Brown hints at U-turn over public sector pension deal
• Chancellor appears to be at odds with PM over public sector pension plans
• Government accused of sending out 'mixed messages'
• Private sector workers may end up funding public sector early retirements
"The government has made a complete mess of public sector retirement ages. Now we discover that No 10 doesn't even have the basic facts correct." - David Willetts, shadow trade and industry secretary
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GORDON Brown fuelled fresh doubts that a deal allowing public sector workers to retire at 60 could be unpicked yesterday, when he suggested that "a lot of work" remained to be done on state employees' pensions.
The Chancellor's remarks to a business audience put him at odds with Tony Blair, who has insisted he will not rip up the agreement made with unions. But they also highlight Mr Brown's eagerness to prove that he is just as bold a reformer as the Prime Minister.
The deal, brokered by the Trade and Industry Secretary, Alan Johnson, a former union leader, allows existing state sector employees to retire at 60. But this sits uneasily with proposals to raise the retirement age to 67 to mitigate the effects on public finances of rising life expectancy, expected to be made in a report by Adair Turner's Pensions Commission tomorrow.
Mr Brown told the CBI conference in London that there was still a "lot of work" needed on the public sector pensions, putting him at odds with No 10's insistence that the agreement would not be ripped up, regardless of what Lord Turner proposed.
Mr Brown was asked about the public sector deal by business leaders, who accused the government of sending out mixed messages.
Alan Wood, the chief executive of Siemens, said companies faced huge problems in trying to "make sense" of pensions arrangements for employees.
"Many of us have had to take quite drastic measures, yet we see a reaffirmation by the government about pensions in the public sector," he said.
"Frankly, none of us can understand it. It leaves us dismayed and demoralised."
Mr Brown replied that: "On the public sector settlement, a lot of work has still to be done."
The agreement should form part of the debate that would be generated by Lord Turner's report but it would save 13 billion, he said.
Meanwhile, Mr Blair's official spokesman insisted that the government was not about to do a U-turn after reaching such a recent deal. "We reached an agreement and the government's view is that it's better to stick with a deal than tear it up within a month," the spokesman said.
Mr Brown was also cautioned by Labour's left wing that he would unleash a war with the trade unions if he were to torpedo the deal.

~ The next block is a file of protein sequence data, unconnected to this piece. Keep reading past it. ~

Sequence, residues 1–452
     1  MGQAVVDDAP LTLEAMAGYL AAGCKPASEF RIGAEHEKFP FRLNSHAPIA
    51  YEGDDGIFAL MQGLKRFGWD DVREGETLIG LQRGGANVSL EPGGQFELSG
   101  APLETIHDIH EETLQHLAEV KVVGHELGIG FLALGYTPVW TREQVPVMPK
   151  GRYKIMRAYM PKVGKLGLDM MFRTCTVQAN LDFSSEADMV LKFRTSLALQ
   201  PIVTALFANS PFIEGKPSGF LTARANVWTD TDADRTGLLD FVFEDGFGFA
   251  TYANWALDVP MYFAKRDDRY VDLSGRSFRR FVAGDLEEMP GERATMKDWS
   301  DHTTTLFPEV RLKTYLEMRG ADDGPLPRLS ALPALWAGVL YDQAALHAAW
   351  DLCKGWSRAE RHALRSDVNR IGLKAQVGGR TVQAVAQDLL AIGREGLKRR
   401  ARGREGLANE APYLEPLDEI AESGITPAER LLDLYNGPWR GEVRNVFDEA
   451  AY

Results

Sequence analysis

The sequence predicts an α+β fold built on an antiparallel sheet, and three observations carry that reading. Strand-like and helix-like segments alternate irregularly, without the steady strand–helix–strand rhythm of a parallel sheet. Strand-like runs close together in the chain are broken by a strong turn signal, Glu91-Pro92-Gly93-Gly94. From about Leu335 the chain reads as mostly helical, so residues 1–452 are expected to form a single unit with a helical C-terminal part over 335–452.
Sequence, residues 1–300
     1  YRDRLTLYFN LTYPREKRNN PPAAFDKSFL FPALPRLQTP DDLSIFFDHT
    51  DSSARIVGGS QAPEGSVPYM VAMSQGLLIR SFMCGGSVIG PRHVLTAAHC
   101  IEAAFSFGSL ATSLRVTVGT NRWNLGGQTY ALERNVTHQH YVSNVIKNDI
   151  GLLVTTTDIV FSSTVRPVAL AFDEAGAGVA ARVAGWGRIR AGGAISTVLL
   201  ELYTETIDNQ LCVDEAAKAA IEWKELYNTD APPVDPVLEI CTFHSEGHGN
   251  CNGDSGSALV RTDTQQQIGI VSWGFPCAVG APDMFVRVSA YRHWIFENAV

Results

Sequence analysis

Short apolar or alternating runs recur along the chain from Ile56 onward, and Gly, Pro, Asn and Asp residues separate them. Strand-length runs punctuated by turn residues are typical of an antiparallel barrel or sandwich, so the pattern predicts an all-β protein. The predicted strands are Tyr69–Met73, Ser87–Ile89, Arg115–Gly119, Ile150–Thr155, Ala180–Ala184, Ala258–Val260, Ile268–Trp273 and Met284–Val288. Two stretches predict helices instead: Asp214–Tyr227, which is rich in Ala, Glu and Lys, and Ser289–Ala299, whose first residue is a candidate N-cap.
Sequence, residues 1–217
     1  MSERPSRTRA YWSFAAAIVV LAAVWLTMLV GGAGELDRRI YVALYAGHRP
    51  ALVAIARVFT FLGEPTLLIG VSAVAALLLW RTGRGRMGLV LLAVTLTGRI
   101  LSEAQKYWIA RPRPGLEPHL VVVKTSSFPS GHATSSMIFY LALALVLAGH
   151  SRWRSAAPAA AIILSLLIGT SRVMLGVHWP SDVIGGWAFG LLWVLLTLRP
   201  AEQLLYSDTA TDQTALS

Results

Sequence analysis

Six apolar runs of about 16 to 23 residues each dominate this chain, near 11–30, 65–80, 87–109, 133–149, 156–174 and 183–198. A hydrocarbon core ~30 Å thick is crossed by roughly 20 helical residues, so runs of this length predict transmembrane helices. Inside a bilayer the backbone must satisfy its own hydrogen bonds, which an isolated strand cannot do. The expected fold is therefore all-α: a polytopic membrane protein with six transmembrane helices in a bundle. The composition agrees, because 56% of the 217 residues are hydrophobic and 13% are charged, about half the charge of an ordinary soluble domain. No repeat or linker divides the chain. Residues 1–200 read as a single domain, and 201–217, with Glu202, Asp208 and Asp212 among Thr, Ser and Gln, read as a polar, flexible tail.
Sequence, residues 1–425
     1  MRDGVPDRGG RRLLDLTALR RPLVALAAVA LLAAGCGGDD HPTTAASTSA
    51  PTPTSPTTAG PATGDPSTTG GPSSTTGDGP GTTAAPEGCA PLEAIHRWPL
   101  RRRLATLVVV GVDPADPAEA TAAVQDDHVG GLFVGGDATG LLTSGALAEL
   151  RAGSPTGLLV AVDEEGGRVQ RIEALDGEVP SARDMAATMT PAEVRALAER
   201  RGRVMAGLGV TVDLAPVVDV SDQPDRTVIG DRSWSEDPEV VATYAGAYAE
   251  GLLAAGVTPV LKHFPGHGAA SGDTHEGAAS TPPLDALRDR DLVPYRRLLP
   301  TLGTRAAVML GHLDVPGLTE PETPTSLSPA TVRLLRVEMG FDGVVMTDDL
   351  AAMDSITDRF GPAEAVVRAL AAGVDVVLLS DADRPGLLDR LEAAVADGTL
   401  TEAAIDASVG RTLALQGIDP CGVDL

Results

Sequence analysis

John McDonnell, a Labour MP and chairman of the Socialist Campaign Group, said that any attempt by the Chancellor at the behest of bosses to tear up the agreement would be met with a "co-ordinated resistance across the labour and trade union movement".
But John Sutherland, CBI president, told the conference that the government could not expect "private-sector employees to work until 67 to finance the pensions and early retirement of public sector employees".
He continued: "In an era when society as a whole can no longer afford such schemes, this is totally unacceptable."
Downing Street has repeatedly said that with a 10 per cent turnover of staff in the public sector each year, only 70 per cent of public sector workers would be covered by the deal in ten years.
However, David Willetts, the shadow trade and industry secretary, accused Downing Street of making factual errors.
According to official figures revealed by ministers, 70 per cent of the workforce would still be covered by the early retirement agreement in 20 years.
Mr Willetts also disputed claims that 40 per cent of private schemes had a retirement age of 60, saying the true figure was closer to 17 per cent.
"The government has made a complete mess of public sector retirement ages. Now we discover that No 10 doesn't even have the basic facts correct."
He called on the government to reopen the decision in light of the true figures.
The National Union of Teachers warned that teachers across the country would be "angry" if the retirement deal had to be renegotiated. An official from the Association of Teachers and Lecturers said: "We would be furious and would wonder whether this government can be trusted at all."
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